At the end of April 2022, the textile industry took another step towards transparency by updating the AGEC Act with new obligations for brands to provide more information to their consumers. This is a major step forward, which will compel the fashion world to comply with the law. The new decree implementing Article 13 of the AGEC Law, published in the JORF (Official Journal of the French Republic) on April 30, 2022, requires brands to provide consumers with information on:
- traceability, the path taken by the product during its manufacture
- the risks of release of plastic microfibers related to the use of synthetic materials
- the presence of hazardous substances
- the presence of recycled materials and the recyclability of the product
What does the AGEC Law imply and who is affected?
The AGEC Law, the anti-waste law for a circular economy, serves as an extension to Article L. 541-10-1 of the Environmental Code and addresses "the prevention and management of waste". This concerns a number of goods including new textile clothing products, shoes or household linen intended for private individuals and, as of January 1, 2020, new textile products for the home. Furniture, upholstered seating or sleeping products, as well as textile decorative items are also concerned. This law is intended for all entities with a commercial activity in France, including:
- Other entities that market waste-generating products to consumers, including those using a website, platform or any other online distribution channel
The obligations to respect in a few points
Several aspects are addressed by the AGEC Law: from greenwashing to recyclability, fundamental issues for the fashion world are finally inserted in a well-defined legislative framework. What are the points to remember?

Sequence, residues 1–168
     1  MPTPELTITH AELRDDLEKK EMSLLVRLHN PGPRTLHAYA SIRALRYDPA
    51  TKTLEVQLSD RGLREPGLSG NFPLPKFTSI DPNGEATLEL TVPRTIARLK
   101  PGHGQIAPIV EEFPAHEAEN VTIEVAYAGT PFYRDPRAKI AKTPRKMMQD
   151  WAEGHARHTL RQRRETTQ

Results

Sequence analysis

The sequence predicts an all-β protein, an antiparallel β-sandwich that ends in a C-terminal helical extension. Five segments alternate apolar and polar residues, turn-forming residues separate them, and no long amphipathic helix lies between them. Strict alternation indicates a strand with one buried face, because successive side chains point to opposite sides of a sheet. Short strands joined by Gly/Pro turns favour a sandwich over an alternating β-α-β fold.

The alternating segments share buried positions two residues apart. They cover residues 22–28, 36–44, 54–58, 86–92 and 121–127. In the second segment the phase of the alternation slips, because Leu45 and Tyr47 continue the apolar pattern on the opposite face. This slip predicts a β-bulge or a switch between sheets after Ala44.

1. Prohibited mentions
The AGEC Law prohibits the use of "biodegradable", "environmentally friendly" or any other equivalent environmental claim on the product or packaging starting from May 1 for entities with a turnover exceeding 10 million euros.
2. The obligation to indicate the quantity of recycled material in the product
- This quantity is defined as: "the overall proportion by mass of materials derived from recycling"
- Textile and footwear products are included except for leather products
- This information is displayed for such products in the form of "product with at least [%] of recycled material"
3. The obligation to include a statement regarding the presence of microplastics in the product
- This information must be available when the percentage of synthetic fibers is greater than 50%
- This information must be expressed in the form of the statement "this item releases plastic microfibers into the environment during washing"
4. The obligation to indicate the name of the country where each of the following operations is mainly carried out, when they exist:
- The fabric manufacturing stage: weaving or knitting
- The finishing stage, ennobling: dyeing, printing, etc.
- The dressmaking stage